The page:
Renthal SR4 Chainring
Not all chainrings are created equal and Renthal have arguably more experience making chainrings than any other company out there. Making them for more than 50 years for motor bikes means that they know a thing or two about it. Lining one of these single ring-specific SR4 rings up next to an OE-type chainring you can see how thick they are in comparison, nearly twice the width of what you often find. Yet that doesn't mean they're heavy - the clever drilling keeps the weight of this 32t version down to just 38g (the 44t version is 82g). They're also pimp as hell, the quality of machining and finishing is top notch. Being Renthal, they are only available in this lovely gold colour, and we like that, it's always good to see companies with the confidence to do things in their own way - in this case it's choosing to stay out of the trend for offering kit in a technicolor vomit of "colorways". MSRP is $59.95 USD (£39.99). www.renthalcycling.com
The Renthal SR4 32t chainring, what more is there to say? (Right) Just check out the quality of the machining and the finish.
|What do we need to say about Renthal SR4 Chainrings? They're light, strong, durable, look good and are not over-priced. We've had one of these strapped to our Saracen Ariel test bike for the last year and can't report a single fault with it. Nothing less than a perfect piece of kit. - Matt Wragg|
Troy Lee Designs T-Bone Kneepads
Usually Product Picks are reserved for new(ish) kit, but in this case we need to make room for something we're starting to consider a bit of a classic: the T-Bone kneepad. When you start to list the things that you want a kneepad to do, you come down to two things: protect your knee and stay in place, so that it can do that. Across the front of the pad, the big plate provides good protection from frontal hits, but it's the padding round the side that really makes them special. It's something that many companies seem to forget when they're designing knee pads, but those six foam pads make a huge difference for protecting your knees. To keep them in place they have a strap at the top and the bottom, rather than relying on the elastic. MSRP on these is $59.95 USD (£54.99) a set. www.troyleedesigns.com
Yep, they're definitely kneepads. (Right) Showing a bit of thigh to demonstrate that important side padding.
|This set here is replacing an older set of T-Bones that we've worked out to have been in regular use since 2007 - including two full seasons. After five years, the foam pads on the side have been shredded somewhat (rocky, Mediteranean trails tend to do that), the finishing at the top and bottom is starting to come away from the pad and they don't smell too great, but they still work fine. The simple system of two straps to hold them in place works as well as it did the day they came out of the packet, unlike many elastic-based pads that tend to sag and lose grip all-too-quickly. Out of the box they do need some time to bed in, a good few days riding before they soften up and take to the shape of your knee. Once they have you rarely need to adjust these or fiddle with their position. Sure, you will find lighter pads and some people complain that these are quite hot, and we can't argue with that, but if you get back to the two most important things you want a kneepad to do (protect and stay in place), these are still some of our favourites. Just make sure you try a set on as the sizing seems to come up quite small. - Matt Wragg|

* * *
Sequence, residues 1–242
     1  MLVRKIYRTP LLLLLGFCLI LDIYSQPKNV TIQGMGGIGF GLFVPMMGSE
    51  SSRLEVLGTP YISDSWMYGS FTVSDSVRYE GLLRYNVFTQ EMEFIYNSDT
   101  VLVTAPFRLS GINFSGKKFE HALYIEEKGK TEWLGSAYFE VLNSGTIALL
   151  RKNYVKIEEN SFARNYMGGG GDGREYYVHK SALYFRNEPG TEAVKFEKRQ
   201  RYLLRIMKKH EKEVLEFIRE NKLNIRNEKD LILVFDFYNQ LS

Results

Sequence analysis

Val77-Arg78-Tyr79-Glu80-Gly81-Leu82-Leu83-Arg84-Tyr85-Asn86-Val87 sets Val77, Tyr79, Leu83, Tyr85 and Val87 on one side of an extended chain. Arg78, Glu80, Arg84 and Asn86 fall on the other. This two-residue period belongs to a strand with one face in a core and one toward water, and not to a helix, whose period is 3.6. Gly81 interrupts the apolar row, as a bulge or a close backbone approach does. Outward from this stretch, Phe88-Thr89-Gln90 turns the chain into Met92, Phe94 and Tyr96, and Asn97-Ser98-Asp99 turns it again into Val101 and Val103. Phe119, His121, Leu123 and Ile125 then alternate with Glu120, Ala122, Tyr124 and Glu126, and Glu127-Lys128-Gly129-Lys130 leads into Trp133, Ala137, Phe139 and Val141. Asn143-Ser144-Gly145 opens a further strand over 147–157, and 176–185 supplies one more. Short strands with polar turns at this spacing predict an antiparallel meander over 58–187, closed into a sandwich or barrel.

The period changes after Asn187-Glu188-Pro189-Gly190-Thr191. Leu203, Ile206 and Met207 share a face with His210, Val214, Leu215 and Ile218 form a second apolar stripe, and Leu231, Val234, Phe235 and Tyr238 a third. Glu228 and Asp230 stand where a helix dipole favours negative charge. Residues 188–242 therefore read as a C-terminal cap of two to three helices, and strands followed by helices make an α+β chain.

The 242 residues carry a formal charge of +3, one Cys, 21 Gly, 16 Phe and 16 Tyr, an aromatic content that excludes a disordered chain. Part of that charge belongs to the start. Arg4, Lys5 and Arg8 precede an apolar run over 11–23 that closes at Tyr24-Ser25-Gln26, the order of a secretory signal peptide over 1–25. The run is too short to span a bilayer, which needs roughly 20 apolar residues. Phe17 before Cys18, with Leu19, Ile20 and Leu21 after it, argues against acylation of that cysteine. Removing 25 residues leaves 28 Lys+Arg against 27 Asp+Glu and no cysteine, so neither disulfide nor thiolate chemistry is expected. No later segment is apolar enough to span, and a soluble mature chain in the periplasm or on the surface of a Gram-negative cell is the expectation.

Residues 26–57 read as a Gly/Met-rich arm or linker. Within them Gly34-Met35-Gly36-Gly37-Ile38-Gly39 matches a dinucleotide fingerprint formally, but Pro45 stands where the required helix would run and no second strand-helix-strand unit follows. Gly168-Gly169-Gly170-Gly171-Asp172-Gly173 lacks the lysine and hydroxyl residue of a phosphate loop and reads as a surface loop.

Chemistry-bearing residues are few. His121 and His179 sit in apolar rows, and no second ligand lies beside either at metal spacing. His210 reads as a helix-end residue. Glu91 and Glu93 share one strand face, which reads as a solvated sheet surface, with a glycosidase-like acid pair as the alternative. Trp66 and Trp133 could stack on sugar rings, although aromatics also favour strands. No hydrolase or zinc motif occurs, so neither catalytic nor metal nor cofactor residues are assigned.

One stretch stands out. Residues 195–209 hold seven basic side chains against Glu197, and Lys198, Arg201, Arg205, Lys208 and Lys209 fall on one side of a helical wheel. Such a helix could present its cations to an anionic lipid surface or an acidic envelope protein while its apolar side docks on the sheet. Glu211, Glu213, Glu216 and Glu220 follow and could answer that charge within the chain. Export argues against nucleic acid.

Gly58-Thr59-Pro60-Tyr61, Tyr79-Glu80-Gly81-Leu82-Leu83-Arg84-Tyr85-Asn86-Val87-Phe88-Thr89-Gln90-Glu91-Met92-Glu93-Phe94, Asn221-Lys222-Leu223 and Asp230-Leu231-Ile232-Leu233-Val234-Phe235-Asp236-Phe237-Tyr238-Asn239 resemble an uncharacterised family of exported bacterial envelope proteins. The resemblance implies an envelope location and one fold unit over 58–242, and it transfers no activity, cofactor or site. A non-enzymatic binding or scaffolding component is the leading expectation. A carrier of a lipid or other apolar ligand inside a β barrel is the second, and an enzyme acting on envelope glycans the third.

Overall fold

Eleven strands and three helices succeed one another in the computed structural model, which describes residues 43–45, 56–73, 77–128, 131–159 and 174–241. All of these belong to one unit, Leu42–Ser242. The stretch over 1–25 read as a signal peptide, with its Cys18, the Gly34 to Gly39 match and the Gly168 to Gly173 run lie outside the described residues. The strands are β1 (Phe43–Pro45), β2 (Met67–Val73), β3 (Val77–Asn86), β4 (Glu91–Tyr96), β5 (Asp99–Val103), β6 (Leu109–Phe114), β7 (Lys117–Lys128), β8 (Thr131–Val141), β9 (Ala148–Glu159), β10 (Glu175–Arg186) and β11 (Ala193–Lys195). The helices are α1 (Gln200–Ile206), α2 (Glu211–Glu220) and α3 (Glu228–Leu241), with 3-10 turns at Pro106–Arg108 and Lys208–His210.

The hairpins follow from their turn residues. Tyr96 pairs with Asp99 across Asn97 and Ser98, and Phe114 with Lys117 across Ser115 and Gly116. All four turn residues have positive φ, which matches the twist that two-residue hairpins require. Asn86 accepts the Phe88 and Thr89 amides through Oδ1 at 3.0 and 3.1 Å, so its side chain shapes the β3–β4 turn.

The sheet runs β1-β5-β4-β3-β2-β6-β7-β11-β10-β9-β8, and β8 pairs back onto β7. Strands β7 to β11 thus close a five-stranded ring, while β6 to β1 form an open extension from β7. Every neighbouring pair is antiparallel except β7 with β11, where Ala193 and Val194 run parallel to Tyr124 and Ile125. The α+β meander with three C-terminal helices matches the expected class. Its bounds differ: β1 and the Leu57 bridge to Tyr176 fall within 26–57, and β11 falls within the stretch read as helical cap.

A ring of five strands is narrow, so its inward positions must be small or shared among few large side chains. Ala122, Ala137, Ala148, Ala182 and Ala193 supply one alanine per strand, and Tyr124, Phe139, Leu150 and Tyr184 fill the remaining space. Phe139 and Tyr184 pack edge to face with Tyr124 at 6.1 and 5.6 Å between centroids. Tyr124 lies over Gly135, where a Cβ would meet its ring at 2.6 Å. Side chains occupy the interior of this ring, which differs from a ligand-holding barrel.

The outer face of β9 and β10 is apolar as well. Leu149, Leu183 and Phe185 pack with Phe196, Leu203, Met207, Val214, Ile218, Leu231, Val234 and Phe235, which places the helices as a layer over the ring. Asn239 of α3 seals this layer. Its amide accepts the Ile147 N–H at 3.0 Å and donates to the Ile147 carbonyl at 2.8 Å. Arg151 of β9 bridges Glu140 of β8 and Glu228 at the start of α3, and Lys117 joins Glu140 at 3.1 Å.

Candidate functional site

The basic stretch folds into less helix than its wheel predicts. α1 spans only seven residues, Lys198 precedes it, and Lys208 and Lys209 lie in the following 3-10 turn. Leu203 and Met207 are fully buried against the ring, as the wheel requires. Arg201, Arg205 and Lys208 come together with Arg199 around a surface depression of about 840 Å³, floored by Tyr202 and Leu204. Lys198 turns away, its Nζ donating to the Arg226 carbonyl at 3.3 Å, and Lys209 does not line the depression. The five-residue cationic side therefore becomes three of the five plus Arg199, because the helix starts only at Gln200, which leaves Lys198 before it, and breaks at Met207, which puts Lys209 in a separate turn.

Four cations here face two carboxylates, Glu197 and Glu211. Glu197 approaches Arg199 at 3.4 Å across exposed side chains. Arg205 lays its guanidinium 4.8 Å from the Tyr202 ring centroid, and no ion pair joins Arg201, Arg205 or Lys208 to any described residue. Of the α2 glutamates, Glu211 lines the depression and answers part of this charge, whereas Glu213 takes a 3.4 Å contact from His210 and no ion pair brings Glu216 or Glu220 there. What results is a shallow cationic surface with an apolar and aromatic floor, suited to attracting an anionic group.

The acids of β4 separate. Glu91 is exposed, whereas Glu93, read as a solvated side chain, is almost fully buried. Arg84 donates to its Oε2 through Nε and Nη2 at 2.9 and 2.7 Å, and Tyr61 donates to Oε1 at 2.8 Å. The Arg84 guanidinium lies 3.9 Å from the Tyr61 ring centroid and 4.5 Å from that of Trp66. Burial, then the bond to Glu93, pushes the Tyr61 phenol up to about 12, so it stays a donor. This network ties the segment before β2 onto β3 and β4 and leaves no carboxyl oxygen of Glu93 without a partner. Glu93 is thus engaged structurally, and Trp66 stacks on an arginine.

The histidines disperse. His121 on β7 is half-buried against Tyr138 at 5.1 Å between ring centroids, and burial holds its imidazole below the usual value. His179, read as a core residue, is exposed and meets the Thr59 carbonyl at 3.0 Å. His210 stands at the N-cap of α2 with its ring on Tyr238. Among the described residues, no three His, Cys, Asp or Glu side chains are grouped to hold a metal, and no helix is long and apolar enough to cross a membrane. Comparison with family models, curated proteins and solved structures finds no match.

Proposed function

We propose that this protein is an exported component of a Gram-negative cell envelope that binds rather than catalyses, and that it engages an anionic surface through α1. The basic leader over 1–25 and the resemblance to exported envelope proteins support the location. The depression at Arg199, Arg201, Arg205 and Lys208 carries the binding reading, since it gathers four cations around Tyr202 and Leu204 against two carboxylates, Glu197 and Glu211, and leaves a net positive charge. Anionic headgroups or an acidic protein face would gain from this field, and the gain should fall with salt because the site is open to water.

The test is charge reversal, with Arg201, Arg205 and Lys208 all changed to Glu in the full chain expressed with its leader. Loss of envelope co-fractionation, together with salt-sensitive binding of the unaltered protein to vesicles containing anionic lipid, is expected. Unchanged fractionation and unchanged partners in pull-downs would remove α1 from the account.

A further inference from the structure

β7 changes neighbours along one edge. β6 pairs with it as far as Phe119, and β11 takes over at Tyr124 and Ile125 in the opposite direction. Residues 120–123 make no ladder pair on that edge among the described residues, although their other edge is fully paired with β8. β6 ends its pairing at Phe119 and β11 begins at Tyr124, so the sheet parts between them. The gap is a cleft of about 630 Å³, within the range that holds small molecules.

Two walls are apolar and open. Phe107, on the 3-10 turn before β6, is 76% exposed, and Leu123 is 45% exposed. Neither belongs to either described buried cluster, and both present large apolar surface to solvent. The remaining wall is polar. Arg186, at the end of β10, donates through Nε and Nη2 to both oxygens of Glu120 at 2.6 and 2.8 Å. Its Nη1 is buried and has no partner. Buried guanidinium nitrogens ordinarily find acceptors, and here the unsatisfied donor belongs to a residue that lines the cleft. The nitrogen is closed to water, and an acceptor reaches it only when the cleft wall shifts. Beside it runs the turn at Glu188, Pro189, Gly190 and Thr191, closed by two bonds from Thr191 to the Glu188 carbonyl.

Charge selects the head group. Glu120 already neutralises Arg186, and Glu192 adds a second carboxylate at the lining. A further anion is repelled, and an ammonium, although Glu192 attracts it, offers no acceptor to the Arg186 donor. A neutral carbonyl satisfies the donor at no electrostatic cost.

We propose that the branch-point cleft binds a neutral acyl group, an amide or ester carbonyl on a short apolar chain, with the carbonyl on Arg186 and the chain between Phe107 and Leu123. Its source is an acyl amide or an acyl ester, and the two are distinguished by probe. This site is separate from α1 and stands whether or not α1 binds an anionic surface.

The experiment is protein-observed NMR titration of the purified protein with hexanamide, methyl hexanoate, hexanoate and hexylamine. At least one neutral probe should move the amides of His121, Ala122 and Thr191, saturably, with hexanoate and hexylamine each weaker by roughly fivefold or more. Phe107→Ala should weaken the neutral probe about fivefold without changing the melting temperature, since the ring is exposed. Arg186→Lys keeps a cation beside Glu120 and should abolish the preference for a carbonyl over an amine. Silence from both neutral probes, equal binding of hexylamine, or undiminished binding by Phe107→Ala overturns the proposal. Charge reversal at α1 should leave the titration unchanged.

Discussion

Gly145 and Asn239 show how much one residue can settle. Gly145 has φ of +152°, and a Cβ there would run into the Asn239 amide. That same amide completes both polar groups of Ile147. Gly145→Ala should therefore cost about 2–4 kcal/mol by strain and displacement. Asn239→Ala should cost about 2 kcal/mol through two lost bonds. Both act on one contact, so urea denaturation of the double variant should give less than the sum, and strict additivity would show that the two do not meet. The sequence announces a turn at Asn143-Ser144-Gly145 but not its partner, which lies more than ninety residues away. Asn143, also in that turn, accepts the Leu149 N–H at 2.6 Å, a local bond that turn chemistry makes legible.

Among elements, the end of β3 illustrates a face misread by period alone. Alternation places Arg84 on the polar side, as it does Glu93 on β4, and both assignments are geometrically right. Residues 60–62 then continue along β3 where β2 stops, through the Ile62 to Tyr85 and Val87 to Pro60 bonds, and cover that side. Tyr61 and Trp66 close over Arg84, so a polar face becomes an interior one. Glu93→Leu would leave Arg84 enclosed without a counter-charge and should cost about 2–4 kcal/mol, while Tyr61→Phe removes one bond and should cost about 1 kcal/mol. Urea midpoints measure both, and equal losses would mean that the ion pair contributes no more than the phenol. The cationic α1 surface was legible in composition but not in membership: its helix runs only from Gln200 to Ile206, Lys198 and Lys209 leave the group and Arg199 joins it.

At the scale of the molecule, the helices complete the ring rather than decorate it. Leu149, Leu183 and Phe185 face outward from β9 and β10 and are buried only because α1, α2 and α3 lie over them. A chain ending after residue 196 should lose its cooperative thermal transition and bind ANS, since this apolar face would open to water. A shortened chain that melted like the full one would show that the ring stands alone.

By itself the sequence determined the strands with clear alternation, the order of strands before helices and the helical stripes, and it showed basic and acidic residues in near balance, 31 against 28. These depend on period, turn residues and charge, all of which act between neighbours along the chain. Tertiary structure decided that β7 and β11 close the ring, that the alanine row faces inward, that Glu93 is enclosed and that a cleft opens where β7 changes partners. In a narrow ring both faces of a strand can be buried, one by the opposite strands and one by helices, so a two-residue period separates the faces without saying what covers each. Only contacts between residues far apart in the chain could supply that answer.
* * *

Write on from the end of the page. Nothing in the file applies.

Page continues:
Urge Endur-O-Matic Helmet
Urge were one of the first companies to pick up on the breed of riders who wanted to go out all day and pedal, but still go hard on the descents. Call them enduro, all-mountain or trail riders, or whatever takes your fancy. Traditional open-face helmets just didn't have enough protection, especially on the back of the head, yet full-facers aren't practical for climbing as even the best out there restrict your breathing too much. The Endur-O-Matic was born into this gap. At $99.95 USD (£79.99) they're good value compared to a lot of the other new-generation, trails helmets out there. www.urgebike.com
(Clockwise) For our money, one of the best looking open-face lids going (it's just a shame you can't say as much for me); The double-bolted plate holding the peak in place; The lettering around the peak vent; That all important protection at the back of your head.
|Out of the box the first two things you will notice about the Endur-O-Matic helmet are how light and well-finished it is. Holding it in your hand it is genuinely surprising that it weighs so little. You need to see one in the flesh to appreciate the little details, like the double-bolted plates on each side to retain the peak and the raised lettering around the peak's air vent. While the vents provide more airflow than you'd expect, this isn't a breezy XC affair and on hot days it does get a bit sweaty. However, the reassuring feeling of that extra coverage at the back of your head is well-worth the trade-off in cooling. If you do soak the pads, they pop in and out incredibly easily for drying and washing. Obviously we can't talk about this helmet without mentioning the way it looks - generally people love or hate Urge's helmets. Initially we will admit that we were in the dislike camp, but they've grown on us over time and if we were pushed now, we'd say this is one of the best-looking, open-face lids on the market. - Matt Wragg|